Texas residents may be interested to learn that more than 200 marijuana possession cases were dismissed by the Tarrant County Criminal District Attorney from June 10 to June 28. However, it was noted that the cases could be refiled if better testing for marijuana and cannabis becomes available.

This action was influenced by the fact that the Texas Legislature voted to legalize the farming of hemp, which is defined as cannabis with less than 0.3% of THC. However, this has created a problem for a large number of crime labs as they are not able to determine how much THC a product has. There are other implications to this law as well. For example, most drug dogs are trained to identify marijuana and cannabis regardless of the actual THC levels in the products.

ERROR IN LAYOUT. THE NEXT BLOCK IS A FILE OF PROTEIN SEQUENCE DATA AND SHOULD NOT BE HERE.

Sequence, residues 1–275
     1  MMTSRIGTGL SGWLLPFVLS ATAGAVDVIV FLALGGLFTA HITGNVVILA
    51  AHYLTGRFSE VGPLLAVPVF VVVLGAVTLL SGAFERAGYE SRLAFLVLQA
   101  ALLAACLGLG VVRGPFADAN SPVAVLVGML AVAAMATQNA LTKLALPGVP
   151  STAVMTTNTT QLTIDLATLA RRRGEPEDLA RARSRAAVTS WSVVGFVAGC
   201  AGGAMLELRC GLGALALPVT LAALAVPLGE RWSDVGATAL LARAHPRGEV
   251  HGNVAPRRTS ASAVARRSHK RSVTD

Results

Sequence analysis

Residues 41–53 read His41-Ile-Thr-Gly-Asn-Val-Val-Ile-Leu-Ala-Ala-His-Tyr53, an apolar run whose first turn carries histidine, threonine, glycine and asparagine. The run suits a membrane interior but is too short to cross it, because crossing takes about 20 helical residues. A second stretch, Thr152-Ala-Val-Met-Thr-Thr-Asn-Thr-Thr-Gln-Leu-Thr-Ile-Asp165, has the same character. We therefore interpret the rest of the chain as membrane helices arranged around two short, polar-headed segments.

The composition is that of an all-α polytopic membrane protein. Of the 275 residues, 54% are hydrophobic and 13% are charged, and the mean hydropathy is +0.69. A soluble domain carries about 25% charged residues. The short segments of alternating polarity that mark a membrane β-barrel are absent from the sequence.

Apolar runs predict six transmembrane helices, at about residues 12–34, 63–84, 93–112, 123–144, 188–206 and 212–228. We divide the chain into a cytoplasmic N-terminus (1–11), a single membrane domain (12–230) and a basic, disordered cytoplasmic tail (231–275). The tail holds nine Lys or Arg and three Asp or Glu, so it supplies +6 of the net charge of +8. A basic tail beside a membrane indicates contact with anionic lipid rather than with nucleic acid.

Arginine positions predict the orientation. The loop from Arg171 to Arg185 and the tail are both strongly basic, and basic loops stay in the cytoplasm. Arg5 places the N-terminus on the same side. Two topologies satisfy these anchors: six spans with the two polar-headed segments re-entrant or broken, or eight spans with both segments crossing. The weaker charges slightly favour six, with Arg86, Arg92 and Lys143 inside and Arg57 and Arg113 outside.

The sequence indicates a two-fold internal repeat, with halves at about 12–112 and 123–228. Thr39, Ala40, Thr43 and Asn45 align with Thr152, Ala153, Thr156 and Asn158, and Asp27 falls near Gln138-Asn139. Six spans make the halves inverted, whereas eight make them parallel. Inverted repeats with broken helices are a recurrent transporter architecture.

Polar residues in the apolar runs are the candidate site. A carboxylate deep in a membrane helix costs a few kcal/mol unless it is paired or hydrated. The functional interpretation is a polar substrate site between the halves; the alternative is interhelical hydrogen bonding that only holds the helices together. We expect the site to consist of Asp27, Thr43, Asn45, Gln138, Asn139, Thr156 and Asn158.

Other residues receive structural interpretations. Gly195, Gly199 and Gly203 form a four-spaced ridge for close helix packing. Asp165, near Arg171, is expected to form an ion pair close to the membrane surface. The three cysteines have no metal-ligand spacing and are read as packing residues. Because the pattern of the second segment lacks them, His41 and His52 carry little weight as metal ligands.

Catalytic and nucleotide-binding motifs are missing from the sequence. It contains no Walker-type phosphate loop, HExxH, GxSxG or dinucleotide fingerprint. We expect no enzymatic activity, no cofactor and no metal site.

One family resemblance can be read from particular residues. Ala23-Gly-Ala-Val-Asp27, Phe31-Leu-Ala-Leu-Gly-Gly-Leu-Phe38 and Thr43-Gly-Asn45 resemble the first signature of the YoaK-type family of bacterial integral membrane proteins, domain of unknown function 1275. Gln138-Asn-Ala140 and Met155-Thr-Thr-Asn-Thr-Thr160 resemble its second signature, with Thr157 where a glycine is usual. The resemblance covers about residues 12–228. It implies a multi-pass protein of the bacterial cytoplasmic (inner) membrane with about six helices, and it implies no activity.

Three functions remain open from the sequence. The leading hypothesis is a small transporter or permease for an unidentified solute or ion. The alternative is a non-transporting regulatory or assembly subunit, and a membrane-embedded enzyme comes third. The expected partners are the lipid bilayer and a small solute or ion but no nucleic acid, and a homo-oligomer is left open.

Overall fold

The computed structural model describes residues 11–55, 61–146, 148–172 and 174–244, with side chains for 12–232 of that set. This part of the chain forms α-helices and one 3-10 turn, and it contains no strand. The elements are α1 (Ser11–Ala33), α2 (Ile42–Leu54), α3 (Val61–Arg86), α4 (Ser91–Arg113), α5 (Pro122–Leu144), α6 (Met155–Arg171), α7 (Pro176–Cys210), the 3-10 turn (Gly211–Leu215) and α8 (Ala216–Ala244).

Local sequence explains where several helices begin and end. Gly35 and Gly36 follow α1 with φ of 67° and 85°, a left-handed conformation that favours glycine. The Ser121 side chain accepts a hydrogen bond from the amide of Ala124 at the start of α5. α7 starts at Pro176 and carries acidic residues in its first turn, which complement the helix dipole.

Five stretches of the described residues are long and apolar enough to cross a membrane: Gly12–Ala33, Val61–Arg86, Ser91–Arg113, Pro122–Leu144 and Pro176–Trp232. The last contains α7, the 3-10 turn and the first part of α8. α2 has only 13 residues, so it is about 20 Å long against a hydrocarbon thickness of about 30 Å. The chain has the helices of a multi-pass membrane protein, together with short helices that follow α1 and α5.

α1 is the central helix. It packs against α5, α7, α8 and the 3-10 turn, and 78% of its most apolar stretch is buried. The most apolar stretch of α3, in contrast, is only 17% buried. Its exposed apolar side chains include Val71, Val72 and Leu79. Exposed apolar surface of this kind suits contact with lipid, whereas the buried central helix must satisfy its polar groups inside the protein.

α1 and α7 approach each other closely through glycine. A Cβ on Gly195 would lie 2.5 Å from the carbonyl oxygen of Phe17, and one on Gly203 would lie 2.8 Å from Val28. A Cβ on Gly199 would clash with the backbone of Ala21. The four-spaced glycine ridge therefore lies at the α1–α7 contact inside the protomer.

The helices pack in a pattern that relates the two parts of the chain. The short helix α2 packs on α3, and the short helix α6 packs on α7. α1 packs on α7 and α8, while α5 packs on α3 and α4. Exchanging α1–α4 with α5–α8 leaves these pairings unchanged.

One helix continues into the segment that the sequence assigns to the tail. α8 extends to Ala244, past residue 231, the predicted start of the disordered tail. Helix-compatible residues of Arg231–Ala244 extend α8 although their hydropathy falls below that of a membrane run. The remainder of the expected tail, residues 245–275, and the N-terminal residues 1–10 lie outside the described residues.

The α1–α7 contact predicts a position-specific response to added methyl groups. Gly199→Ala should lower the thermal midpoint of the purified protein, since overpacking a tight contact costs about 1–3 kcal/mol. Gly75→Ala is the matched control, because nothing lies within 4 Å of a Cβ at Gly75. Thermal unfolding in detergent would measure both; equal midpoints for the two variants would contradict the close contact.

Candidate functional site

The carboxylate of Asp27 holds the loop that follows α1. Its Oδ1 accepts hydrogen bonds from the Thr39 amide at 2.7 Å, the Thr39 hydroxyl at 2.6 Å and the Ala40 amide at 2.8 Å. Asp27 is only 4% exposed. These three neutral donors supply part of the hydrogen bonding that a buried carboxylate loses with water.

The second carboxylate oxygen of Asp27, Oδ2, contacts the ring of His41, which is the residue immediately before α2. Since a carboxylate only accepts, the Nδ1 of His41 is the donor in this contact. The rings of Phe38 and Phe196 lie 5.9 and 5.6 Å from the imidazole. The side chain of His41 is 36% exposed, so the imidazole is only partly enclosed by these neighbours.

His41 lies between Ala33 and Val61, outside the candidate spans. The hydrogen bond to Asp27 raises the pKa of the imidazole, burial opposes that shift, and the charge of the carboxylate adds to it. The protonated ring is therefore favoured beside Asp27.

Ultimately, the district attorney for Tarrant County stated that he did not want to proceed as a prosecutor if he could not prove that an accused person was breaking the law. One crime lab used by Dallas police departments has already stated that it will not accept new marijuana-related drug cases until it can determine the THC concentration levels in products.

In general, the consequences for possession of marijuana are particularly severe in Texas and can range from thousands of dollars in fines to a jail sentence. As the laws associated with marijuana continue to change, potential defenses for a marijuana-related drug charge may also be impacted. For example, a criminal law attorney may scrutinize the THC levels and the inability for drug labs to determine the amount of THC in any drugs that may have been found on an accused person. If a person is facing a drug charge for possession of marijuana, the attorney may be able to argue that authorities cannot prove that the cannabis product was illegal.